It is also the first time we are introduced to a femme fatale. It is hard to separate the character of Lola Lola, and Dietrich the actress; both are strong, intelligent, calculating, powerful and enigmatic. The appearing similarities were not unnoticed by Sternberg when he cast her in the role. In John Baxter’s chapter on The Blue Angel in The Cinema of Josef von Sternberg, he mentions that another actress had previously been cast in the role (Kathe Haack), but as soon as Sternberg set eyes on Dietrich, he knew no one else could play her and urged Erich Pommer to talk to Kathe and pay her off as a contract had already been signed. There were some problems however with Dietrich as Lola (page 67):

She spoke little English – the contract specified that the film be shot in two versions, German and English – and had no singing voice at all. The awkward shape of her nose made photography difficult, and her stage presence was bovine and charmless. Yet Sternberg, enchanted by her reserved eroticism, fell in love immediately with the woman he saw she would become.

Did she become Marlene or did she become Lola Lola? Displaying traits of femininity one minute only to reappear the next completely androgynous, her ability to command an audience and bewitch the men around her, not through any talent but by utilising her sexuality; was it Lola or Marlene? Either way, similar traits had already been seen in women in films such as Metropolis and Diary of a Lost Girl but in The Blue Angel, you get them all rolled into one. Previously the villain in earlier films had been a monster or robot or deranged mad person, but in The Blue Angel (if you view Lola as a villainess or femme fatale) she does not fall into any of these categories, she is quite simply an ordinary woman who is a product of the social and sexual anxieties that defined this era. She is the first of the femme fatales that we would continue to see on the screen for many years to come, the first vamp. As Richard McCormick in The Cabaret of Humiliation, Gender, Spectacle and Spectatorship in Josef von Sternberg’s The Blue Angel notices:

Here the figure of the “monster” is a vamp – not a machine as in Metropolis, but nonetheless “phallic”. Such psycho-sexual connotations are combined with sociological ones as well: the film’s vamp, Lola Lola, portrayed by Marlene Dietrich in the role that would make her an international star, is also a working woman, and her marriage to Rath can be seen in reference to Weimar’s “crisis of marriage”. Modern fears about marriage and working women were by no means exclusive to Germany, but in this film they manifest themselves in a very “German” scenario that is an adaptation (albeit a very unfaithful one) of a left-wing German novel from the turn of the century, Heinrich Mann’s Professor Unrat (1905).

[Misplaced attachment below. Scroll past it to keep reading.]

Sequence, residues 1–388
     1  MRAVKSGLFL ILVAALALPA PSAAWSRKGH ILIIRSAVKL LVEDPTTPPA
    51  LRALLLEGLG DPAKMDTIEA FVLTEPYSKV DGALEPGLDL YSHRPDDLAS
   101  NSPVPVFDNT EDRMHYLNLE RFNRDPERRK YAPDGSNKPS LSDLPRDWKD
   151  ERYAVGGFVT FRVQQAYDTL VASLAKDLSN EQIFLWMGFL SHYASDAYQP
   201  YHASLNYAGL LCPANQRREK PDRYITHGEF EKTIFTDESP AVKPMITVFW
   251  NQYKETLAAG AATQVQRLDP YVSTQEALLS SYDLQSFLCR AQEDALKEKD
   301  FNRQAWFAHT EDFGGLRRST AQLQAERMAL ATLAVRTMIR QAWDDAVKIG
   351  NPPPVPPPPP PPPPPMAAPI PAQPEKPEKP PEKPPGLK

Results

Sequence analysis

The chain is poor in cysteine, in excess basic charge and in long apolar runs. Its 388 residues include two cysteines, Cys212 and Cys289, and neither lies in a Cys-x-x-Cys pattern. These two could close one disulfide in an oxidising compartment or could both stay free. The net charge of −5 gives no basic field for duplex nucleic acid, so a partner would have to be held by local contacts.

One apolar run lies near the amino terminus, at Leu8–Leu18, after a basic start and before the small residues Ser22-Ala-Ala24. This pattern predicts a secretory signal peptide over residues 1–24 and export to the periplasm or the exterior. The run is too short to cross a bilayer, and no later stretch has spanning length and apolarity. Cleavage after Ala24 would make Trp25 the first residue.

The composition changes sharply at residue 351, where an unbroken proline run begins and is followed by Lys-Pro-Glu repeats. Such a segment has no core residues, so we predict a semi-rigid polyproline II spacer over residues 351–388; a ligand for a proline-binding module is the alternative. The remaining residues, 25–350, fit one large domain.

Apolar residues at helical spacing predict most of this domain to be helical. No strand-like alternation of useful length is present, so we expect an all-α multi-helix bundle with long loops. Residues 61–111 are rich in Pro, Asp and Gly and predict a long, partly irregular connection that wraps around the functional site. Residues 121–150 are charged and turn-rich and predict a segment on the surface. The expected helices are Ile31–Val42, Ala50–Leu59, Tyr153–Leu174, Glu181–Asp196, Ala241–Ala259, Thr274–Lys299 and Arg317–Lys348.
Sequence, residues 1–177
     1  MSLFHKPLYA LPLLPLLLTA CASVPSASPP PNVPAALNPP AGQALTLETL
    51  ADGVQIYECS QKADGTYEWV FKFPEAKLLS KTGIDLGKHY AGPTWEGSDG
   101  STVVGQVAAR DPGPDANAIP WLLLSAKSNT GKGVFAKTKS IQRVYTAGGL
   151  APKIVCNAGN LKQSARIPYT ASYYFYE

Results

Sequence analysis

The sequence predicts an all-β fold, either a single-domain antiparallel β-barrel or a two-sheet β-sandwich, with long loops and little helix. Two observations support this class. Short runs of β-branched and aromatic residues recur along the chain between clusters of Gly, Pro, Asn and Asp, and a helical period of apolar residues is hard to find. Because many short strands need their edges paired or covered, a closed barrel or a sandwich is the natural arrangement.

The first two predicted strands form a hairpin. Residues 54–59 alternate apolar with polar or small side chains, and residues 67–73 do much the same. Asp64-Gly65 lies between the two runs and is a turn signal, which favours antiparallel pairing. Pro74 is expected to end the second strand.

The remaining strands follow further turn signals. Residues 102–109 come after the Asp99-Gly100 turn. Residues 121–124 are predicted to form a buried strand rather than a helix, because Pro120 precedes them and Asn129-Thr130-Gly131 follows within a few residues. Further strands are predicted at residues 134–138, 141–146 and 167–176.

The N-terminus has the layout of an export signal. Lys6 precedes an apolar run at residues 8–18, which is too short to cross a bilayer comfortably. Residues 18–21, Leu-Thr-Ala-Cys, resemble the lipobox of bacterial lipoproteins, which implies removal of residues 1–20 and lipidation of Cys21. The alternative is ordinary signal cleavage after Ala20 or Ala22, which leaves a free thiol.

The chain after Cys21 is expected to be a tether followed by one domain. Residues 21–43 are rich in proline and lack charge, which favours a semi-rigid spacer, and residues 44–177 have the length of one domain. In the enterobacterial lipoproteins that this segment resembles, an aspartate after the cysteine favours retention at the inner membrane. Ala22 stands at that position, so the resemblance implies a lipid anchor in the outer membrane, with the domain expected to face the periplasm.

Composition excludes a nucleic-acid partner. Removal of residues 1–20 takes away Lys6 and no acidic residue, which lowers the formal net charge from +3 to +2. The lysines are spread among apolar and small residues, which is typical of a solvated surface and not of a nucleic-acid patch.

One final example of what might separate this film from other films in the Weimar era such as Metropolis is the fact that it was hated by the Nazis. Whereas they loved Metropolis with its futuristic vision of a city towering high above into the sky with millions of workers beneath it, The Blue Angel stood for a lot of the things which they hated and tried so hard to force out of society. Was it because of the all singing, all dancing cabaret performers in their androgynous outfits and carefree lifestyle? Richard W. McCormick hints to another reason why they might have hated the film. They might not have enjoyed watching it because of the spectacle of humiliation, defeat and powerlessness of one man by a woman. McCormick tells us exactly why this is one of the last films before WWII in which you see such a spectacle of humiliation:

The masochistic staging of humiliation may proceed in the service of being “contained”, yet it is both provocative and telling. Clearly, such display of male weakness would soon vanish from the German cinema: the Nazis hated The Blue Angel – and any such wallowing in humiliation. The anxieties in the film are not exclusively psychic, of course; they are part of larger fears triggered by modernity and its destabilisation of traditional gender roles (and other identities).

If the Nazis hated it, then this reason alone makes The Blue Angel a great example as a product of the Weimar era. It does not just represent what was going on at the time in terms of cinema and art, but also perfectly illustrates the social anxieties and sexual modernity of the times. It was a time when people were changing and the way we viewed things were changing. For as many reasons why The Blue Angel is a typical product of the Weimar era, there are just as many reasons which can be employed to show it as untypical. Viewed all together, they form a very clear set of examples as to why this film has endured as long as it has and why it will continue to do so as a Weimar film.

Leave Your Reply

Required fields are marked *. Your details will never be shared.